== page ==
IRELAND: Some relief for Zim woman after 7 years battling for asylum; says ‘my auntie’s daughter [was] tortured and buried alive’

IRELAND: Some relief for Zim woman after 7 years battling for asylum; says ‘my auntie’s daughter [was] tortured and buried alive’

By The Irish Times

IRELAND: I’m meeting Fortunate Nesengani (51) at Athlone train station. The cold, damp day couldn’t be further from where she grew up in rural southwest Zimbabwe, but she’s had some time to get used to the weather. Seven years in direct provision is time enough to acclimatise.

She has been living in a direct provision centre in Athlone since 2016, when she arrived from South Africa with her husband, David. “Ireland is paradise compared with South Africa,” she says.

As a young girl in the 1980s, her family was traumatised during the Gukurahundi genocide in Zimbabwe when, not long after independence from Britain, Robert Mugabe’s forces orchestrated a campaign of terror against her people. They came to her village in 1984 and set the grass huts alight, she says. Nesengani says she saw it happen and escaped.

“Many died,” she says. “It was a massacre. My auntie’s daughter [was] tortured and was buried alive. She didn’t die and was discovered the following day. She’s still alive – sixtysomething now. Sixteen people in my family were buried alive.”

“Everyone who was a girl or a woman was raped or kidnapped and you just disappeared,” she says.

She eventually fled Zimbabwe for South Africa with just $10 to her name. Travelling through desert and bush in Botswana, she says she survived through the generosity of “bush men”, who offered food and water.

Fortunate Nesengani: ‘One of our friends also died in direct provision. He just collapsed.’

Between 1989 and 2016 she lived primarily in Cape Town and Johannesburg, where she worked as a receptionist, seamstress and preschool owner. She met her South African husband through her church.

“Parents brought their children to my preschool because I could teach them English,” she says, and adds that she ended up with more children than the school run by locals.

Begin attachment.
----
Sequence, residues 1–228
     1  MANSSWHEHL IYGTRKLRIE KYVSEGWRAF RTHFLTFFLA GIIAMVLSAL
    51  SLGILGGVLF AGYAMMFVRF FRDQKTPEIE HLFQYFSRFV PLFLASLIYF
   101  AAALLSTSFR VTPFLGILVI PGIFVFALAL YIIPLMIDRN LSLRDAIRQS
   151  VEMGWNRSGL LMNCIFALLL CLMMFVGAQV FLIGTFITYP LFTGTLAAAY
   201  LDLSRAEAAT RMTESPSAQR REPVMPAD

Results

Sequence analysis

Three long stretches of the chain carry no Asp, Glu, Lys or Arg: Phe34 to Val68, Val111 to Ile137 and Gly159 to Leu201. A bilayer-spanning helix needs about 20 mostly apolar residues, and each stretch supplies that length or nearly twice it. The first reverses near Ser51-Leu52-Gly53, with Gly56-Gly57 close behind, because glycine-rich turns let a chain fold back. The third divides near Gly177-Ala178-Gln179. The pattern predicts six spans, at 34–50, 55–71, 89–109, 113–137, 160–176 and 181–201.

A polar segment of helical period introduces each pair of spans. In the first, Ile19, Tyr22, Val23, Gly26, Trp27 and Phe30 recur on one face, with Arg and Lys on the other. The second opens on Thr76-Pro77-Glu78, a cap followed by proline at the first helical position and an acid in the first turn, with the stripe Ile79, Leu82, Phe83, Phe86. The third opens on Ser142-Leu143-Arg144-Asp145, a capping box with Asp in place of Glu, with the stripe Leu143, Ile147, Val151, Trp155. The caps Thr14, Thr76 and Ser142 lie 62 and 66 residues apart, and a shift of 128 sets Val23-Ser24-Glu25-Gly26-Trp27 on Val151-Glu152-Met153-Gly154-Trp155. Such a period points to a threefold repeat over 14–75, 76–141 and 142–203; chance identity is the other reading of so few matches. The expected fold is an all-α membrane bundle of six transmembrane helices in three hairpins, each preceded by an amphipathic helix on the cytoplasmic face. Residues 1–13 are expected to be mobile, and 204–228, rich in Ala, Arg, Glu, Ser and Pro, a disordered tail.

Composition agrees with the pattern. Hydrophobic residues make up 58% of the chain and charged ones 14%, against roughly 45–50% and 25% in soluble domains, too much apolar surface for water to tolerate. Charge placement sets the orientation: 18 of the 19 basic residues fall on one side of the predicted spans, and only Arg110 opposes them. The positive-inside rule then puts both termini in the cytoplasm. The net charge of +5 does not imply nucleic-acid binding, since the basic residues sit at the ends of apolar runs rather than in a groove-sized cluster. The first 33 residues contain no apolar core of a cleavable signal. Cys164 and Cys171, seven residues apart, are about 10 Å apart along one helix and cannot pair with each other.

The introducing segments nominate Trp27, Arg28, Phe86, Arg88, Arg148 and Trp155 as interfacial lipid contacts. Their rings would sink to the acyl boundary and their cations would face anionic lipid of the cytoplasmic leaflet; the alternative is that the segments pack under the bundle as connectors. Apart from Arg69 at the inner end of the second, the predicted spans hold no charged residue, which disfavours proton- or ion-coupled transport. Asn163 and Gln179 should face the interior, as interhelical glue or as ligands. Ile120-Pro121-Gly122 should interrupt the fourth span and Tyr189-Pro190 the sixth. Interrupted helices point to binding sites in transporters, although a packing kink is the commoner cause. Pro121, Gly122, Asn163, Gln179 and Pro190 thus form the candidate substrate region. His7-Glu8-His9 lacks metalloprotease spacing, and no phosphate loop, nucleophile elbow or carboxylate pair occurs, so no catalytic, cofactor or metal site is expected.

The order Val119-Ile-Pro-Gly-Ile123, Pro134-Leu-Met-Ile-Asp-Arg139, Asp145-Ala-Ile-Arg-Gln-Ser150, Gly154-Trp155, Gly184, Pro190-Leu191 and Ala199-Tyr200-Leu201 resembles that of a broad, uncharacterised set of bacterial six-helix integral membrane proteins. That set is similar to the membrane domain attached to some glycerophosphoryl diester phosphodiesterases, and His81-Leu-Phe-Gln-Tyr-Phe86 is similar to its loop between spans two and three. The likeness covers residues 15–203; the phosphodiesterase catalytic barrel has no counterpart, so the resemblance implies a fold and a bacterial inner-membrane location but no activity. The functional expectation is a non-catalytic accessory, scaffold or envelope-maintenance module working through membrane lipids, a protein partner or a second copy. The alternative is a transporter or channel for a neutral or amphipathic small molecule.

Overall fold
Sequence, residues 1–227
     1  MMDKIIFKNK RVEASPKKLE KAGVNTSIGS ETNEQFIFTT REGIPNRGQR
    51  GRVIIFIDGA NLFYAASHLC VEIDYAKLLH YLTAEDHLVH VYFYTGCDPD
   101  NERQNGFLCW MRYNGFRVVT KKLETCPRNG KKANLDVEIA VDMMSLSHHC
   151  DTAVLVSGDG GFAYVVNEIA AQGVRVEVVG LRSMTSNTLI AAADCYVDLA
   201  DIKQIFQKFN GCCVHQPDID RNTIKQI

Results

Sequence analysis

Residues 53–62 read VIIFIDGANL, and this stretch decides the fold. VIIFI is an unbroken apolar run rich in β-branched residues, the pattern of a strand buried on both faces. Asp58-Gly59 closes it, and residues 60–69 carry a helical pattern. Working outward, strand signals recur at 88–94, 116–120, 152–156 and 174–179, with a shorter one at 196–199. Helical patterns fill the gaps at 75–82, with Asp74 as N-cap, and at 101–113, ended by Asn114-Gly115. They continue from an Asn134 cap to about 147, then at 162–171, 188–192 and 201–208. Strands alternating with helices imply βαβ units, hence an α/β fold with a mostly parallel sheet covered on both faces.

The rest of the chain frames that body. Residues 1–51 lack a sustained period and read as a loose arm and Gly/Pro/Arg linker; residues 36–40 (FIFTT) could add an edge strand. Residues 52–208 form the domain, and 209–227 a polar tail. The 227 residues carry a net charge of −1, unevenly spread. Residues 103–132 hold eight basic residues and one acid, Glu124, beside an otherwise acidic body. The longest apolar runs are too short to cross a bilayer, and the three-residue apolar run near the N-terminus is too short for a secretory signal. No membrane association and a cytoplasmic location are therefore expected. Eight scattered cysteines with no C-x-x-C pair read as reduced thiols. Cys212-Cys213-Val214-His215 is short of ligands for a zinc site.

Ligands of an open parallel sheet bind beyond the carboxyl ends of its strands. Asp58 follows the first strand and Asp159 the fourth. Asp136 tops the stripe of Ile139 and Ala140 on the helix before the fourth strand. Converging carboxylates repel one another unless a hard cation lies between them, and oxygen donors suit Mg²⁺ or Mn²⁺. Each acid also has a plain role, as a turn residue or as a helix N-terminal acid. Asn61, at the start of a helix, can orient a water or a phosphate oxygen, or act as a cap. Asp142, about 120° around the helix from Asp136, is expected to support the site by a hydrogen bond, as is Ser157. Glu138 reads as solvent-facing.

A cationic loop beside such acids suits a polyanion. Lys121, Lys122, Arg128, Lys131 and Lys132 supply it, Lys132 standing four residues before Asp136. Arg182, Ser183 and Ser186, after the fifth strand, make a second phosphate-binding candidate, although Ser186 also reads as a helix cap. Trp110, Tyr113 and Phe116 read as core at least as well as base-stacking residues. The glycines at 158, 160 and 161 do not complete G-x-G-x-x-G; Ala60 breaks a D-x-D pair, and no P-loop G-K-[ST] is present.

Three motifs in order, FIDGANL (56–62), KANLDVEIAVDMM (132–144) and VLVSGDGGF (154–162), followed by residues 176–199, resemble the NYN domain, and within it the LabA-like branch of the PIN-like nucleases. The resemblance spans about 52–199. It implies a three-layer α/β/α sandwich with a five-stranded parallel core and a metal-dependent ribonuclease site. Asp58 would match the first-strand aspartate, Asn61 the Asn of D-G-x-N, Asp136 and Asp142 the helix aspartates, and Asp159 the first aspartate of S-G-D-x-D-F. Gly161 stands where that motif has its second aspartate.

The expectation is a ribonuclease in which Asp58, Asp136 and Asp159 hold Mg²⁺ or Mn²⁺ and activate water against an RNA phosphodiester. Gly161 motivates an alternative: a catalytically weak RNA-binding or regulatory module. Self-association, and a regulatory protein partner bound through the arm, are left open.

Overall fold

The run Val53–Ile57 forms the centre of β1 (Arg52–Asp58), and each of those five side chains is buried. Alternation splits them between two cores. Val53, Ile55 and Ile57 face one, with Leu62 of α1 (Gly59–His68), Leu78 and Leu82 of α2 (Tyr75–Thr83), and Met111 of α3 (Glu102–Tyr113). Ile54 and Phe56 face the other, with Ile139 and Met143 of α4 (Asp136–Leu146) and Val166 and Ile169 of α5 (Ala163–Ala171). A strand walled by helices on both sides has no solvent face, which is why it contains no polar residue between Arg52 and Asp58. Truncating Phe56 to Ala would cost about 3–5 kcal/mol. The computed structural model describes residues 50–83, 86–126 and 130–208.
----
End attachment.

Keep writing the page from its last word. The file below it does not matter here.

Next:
However, she says she faced hostility and the threat of violence from some people who “had a problem with foreigners for taking jobs”.

“We used to go to this church. They used to let us sleep there, and they raised money for us to travel [to Ireland].”

When the pair arrived in Ireland, on her 44th birthday, they didn’t know where to go. They had chosen Ireland because of the country’s reputation as a safe and peaceful country. They caught a bus into Dublin, went into a Tesco and started asking strangers where to seek help, she says.

After attending the International Protection Office, and spending two weeks in Balseskin Reception Centre, they were moved to their current accommodation, a mobile home in an Athlone direct provision centre. And like many before them, they embarked on a long wait for certainty.

Over the years, Nesengani has volunteered all over the town, helping schoolchildren with homework and helping young girls in the community.

Some day, when she finishes her education, she hopes to work with asylum seekers and contribute to policymaking.

She got involved in New Horizons Athlone, an organisation that helps asylum seekers integrate into their new communities. In the future she says she would like to partner with others to open an African/Asian restaurant in Athlone.